A characteristic of recent decades of scholarly work in the social sciences has been the increased amounts of empirical research. Access and availability of data are prerequisites for further research, replication work, and scientific development. As international peer-reviewed journals have gradually become the central forum for research debate, moves towards data sharing are dependent upon the policies of journals regarding data availability. This article examines contemporary data availability policies in political science and investigates the extent to which journals adopt such policies and their content. It also identifies a few factors associated with the existence of such policies.
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LETTER TO THE EDITORS
Department of Data Archive for the Social SciencesGESIS Leibniz Institute for the Social Sciences Cologne25 October 2011Dear Journal Editor,
The International Data Infrastructure team at the GESIS Leibniz Institute for the Social Sciences is conducting a review of international, peer-reviewed journal data policies to assess the state of data availability in the social sciences (i.e. if the authors are requested to make available the unique data used in their analysis). You may be aware that a range of academic journals are moving towards a requirement that the data supporting publications be archived in an appropriate place for both preservation and accessibility for data reuse. The intention of our team is to create a resource that concentrates the data policies of the 200 leading political science journals in order to increase researcher incentives for further data sharing. Such a resource will allow trends in data sharing requirements to become apparent and provide researchers with a useful reference point. The results will be publicly available on our institution's website and in an academic work within the following 6 months.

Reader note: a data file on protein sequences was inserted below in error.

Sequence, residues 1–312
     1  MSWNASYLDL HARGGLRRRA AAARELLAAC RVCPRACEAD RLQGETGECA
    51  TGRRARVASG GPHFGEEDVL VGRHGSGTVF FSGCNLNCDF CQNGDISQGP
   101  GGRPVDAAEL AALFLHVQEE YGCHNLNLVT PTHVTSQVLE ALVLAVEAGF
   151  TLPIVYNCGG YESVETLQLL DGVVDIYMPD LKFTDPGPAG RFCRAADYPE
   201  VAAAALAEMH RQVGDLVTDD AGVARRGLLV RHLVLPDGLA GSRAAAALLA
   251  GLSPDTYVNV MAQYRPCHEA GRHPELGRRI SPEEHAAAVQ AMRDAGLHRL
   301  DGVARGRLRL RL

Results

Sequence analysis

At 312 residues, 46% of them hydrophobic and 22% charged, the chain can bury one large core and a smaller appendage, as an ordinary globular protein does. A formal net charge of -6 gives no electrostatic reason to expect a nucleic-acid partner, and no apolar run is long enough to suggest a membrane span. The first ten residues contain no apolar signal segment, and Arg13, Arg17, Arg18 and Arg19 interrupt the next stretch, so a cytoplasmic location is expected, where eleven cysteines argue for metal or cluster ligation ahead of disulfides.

During the first phase of the investigation, we analysed data availability online provisions (e.g. the existence of a policy regarding data availability in the guidelines for submission). We are now into the second phase of this review, examining those journals without an explicit, publicly accessible data policy. Consequently, we would be appreciative if you could confirm by 1 December 2011 if your journal has (e.g. following the acceptance of a manuscript), or is planning to adopt, a policy. If you already have such a policy, we would be grateful if you could share it with us for analysis. The e-mail address where it can be sent is: email@example.com. For any supplementary details, please do not hesitate to contact us at the same e-mail address.
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gherghina, s., katsanidou, a. Data Availability in Political Science Journals. Eur Polit Sci 12, 333–349 (2013). https://doi.org/10.1057/eps.2013.8
- data availability
- replication policy
- political science